SLO County Public Health Department warns of fake face covering exemption cards

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The SLO County Public Health Department is warning residents that various cards claiming to exempt the holder from California’s face covering ordinance are fraudulent and not endorsed by the U.S. Department of Justice.

In a “rumor alert” posted to the department’s Facebook page on June 22, county staff linked to a recent press release posted by the U.S. Department of Justice, which says that various printouts of face covering exemption cards, many of which include the U.S. Department of Justice seal, are floating around the internet.

EXEMPT? Fraudulent cards claiming to exempt the holder from California’s face covering ordinance are floating around SLO County Facebook groups. - SCREENSHOT FROM FACEBOOK
  • SCREENSHOT FROM FACEBOOK
  • EXEMPT? Fraudulent cards claiming to exempt the holder from California’s face covering ordinance are floating around SLO County Facebook groups.
“These postings were not issued by the department and are not endorsed by the department,” the press release reads. “The department urges the public not to rely on the information contained in these postings and to visit ada.gov for ADA [Americans with Disabilities Act] information issued by the Department.”



Printouts like these have circulated through SLO County Facebook groups in recent weeks. Bob Gannage recently posted such a face mask exempt card to the Facebook group “Reopen San Luis Obispo County,” which includes the U.S. Department of Justice seal and the department’s ADA violation reporting number.

The card claims that wearing a face mask “posses” a mental or physical risk to the holder.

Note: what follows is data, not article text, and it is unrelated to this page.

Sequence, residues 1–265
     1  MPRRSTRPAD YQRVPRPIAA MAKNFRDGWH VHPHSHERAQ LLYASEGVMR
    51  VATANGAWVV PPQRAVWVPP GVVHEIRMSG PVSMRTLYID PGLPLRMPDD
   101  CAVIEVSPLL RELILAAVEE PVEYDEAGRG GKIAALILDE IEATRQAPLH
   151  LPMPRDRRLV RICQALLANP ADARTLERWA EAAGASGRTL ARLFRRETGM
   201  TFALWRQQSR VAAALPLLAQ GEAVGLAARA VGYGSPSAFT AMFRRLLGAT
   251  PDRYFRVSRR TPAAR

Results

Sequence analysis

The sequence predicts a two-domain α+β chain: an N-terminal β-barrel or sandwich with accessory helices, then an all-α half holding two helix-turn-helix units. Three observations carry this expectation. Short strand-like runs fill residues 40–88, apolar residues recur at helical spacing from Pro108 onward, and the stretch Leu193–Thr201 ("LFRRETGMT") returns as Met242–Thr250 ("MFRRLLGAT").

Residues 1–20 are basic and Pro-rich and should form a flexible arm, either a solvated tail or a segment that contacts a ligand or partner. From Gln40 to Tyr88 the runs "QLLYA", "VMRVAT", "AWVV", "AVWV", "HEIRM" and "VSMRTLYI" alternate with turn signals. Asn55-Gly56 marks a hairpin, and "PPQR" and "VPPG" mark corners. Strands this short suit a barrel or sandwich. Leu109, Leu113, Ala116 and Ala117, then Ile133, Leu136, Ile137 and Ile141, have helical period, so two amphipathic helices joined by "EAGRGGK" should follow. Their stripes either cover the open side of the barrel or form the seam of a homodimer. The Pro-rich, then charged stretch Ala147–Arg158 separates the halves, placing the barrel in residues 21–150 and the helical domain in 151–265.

“Under the Americans with Disability Act (ADA) [sic], I am not required to disclose my condition to you,” the card reads. “If found in violation of the ADA you could face steep penalties. Organizations and businesses can be fined up to $75,000 for your first violation and $150,000 for any subsequent violations.”

The card also claims that any business or organization that denies access to a card holder because of a face covering rule will be reported to the "Freedom to Breathe Agency", a group that appears to have recently formed in opposition to COVID-19-related face covering requirements.

A number of other similar printouts and links to cards on the Freedom to Breathe Agency's website have also been shared in local Facebook groups.

Although the state issued an executive order requiring Californians to wear face coverings in public while physical distancing is not practical, SLO County spokesperson Michelle Shoresman said the focus is more on promoting compliance and less on enforcement. Businesses are allowed to deny access to individuals who refuse to wear a mask, but Shoresman said that unless a situation becomes disruptive, that will likely be the extent of the consequences.

Still, a number of individuals are exempt from wearing face coverings—young children, those with certain physical and mental health issues, some disabilities—and Shoresman said there is no official verification process or documentation for those individuals.

“We encourage residents and business owners to recognize and respect that some people are not able to wear a face covering for legitimate medical and mental health reasons, including reasons that are not readily visible,” Shoresman wrote in a statement to New Times. “Individuals do not need to provide proof of those conditions.” ∆

—Kasey Bubnash


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